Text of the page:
Android Runtime (ART)
- Android runtime (ART) is the managed runtime used by applications and some system services on Android.
- ART and its predecessor Dalvik were originally created specifically for the Android project.
- Moreover, ART as the runtime executes the Dalvik Executable format and Dex bytecode specification.
- ART and Dalvik are compatible runtimes running Dex bytecode, so apps developed for Dalvik should work when running with ART.
Android Runtime Features
Here are some of the major features implemented by ART.
- Ahead-of-time (AOT) compilation – Android Runtime introduces ahead-of-time (AOT) compilation, which can improve app performance. ART also has tighter install-time verification than Dalvik.
- Improved garbage collection – Android Runtime improves garbage collection in several ways:
- One GC pause instead of two
- Parallelized processing during the remaining GC pause
- Lower total GC time
- Improved garbage collection ergonomics
- Compacting GC to reduce background memory usage and fragmentation
- Development and debugging improvements
- Support for sampling profiler
- Support for more debugging features
- Improved diagnostic detail in exceptions and crash reports
Android Virtual Device (AVD)
- An Android Virtual Device (AVD) definition lets you define the characteristics of an Android phone, tablet, Android Wear, or Android TV device that you want to simulate in the Android Emulator.
- The AVD Manager helps you easily create and manage AVDs.
- An AVD contains a hardware profile, system image, storage area, skin, and other properties.
- The hardware profile defines the characteristics of a device as shipped from the factory. The AVD Manager comes preloaded with certain hardware profiles, such as Nexus phone devices, and you can define and import hardware profiles as needed. You can override some of the settings in your AVD if needed.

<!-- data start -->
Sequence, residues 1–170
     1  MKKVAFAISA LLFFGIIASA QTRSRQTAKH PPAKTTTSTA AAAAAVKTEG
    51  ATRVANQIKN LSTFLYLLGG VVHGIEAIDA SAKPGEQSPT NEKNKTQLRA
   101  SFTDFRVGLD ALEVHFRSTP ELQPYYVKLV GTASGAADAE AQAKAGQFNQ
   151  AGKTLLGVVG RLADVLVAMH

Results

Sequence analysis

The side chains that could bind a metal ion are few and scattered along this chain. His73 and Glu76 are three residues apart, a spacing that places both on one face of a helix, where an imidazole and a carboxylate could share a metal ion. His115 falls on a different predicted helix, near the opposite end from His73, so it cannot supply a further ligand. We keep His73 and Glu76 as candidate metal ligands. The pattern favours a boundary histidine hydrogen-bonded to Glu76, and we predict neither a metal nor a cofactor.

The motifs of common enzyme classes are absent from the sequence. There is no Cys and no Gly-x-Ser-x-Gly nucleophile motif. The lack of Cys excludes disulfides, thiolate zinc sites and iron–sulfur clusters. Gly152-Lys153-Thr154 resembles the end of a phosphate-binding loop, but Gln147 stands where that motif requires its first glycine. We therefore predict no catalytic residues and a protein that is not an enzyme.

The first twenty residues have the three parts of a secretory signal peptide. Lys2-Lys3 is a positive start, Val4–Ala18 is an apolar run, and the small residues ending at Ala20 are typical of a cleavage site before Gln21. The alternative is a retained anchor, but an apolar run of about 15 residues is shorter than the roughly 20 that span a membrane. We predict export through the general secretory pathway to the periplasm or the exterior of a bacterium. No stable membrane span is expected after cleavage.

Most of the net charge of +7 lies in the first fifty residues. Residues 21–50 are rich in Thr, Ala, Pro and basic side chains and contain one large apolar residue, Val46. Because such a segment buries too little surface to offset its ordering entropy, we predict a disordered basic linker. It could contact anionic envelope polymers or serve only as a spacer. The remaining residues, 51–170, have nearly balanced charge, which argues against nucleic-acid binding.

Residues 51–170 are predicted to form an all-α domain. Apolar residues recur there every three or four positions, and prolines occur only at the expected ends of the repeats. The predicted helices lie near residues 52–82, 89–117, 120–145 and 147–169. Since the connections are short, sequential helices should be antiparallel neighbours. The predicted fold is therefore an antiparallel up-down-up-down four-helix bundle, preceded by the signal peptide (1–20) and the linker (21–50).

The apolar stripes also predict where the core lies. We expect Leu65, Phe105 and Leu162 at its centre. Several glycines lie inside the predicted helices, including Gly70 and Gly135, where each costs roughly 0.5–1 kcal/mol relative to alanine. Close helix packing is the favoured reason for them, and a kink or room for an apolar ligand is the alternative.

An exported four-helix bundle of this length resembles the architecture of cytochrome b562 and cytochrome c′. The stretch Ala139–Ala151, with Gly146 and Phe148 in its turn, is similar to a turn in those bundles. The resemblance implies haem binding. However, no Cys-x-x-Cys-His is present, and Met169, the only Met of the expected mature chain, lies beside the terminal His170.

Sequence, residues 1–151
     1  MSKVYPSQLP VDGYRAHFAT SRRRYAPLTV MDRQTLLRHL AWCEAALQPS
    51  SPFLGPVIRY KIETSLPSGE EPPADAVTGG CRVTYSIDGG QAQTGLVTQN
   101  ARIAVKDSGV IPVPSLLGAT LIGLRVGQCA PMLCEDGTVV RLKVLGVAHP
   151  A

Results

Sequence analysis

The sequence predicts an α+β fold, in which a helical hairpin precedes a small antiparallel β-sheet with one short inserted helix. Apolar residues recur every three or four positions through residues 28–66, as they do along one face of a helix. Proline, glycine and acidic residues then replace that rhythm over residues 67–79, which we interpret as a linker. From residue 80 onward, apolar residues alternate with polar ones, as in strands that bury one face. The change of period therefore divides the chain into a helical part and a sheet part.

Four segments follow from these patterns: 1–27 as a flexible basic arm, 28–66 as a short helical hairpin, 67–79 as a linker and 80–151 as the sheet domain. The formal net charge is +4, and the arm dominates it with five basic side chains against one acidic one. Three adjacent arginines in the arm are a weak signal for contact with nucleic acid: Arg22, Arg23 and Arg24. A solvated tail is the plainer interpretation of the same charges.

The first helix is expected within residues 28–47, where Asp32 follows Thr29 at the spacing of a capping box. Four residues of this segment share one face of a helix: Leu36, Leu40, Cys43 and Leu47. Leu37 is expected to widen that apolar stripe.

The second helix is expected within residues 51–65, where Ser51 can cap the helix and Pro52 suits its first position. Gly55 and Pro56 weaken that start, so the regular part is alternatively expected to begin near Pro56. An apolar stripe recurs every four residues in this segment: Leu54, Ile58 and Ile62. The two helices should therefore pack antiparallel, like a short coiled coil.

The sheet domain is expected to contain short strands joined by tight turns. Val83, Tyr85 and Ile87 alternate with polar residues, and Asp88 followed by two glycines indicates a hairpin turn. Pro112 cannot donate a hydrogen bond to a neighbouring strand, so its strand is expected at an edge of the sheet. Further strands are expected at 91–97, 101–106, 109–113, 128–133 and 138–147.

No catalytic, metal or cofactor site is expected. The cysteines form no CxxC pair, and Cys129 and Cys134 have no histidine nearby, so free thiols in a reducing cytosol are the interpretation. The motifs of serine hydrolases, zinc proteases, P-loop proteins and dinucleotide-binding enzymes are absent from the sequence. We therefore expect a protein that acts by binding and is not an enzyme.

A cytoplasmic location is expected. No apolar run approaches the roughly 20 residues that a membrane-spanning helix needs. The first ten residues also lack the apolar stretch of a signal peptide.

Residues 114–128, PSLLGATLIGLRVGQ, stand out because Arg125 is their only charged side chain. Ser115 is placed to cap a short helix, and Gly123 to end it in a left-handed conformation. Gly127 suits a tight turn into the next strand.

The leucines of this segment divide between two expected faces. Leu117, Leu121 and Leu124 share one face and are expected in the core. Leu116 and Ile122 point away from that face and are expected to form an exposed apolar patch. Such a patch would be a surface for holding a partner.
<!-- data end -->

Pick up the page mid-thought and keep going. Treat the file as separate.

- The AVD Manager helps you choose a system image for your AVD by providing recommendations. It also lets you download system images, some with add-on libraries, like Google APIs.
- The AVD has a dedicated storage area on your development machine. It stores the device user data, such as installed apps and settings, as well as an emulated SD card. If needed, you can use the AVD Manager to wipe user data, so the device has the same data as if it were new.
- An emulator skin specifies the appearance of a device. The AVD Manager provides some predefined skins. You can also define your own, or use skins provided by third parties.
AVD and app features
- Just as with a real device, for apps to use certain features defined in an AVD, such as the camera, it must have the corresponding <uses-feature> setting in the app manifest.
Android SDK Manager
- The Android Development Toolkit (ADT) Bundle provides the Software Development Kit (SDK) and the emulator system image from the latest platform.
- However, you will need other platforms to test your apps on earlier versions of Android.
- Moreover, You can get components for each platform using the Android SDK Manager.
- It is a set of development tools used to develop applications for Android platform.
- Every time Google releases a new version of Android, a corresponding SDK is also released.
- Also, To be able to write programs with the latest features, developers must download and install each version’s SDK for the particular phone.
- The Android SDK includes the following:
- Required libraries
- An emulator
- Relevant documentation for the Android application program interfaces (APIs)
- Sample source code
- Tutorials for the Android OS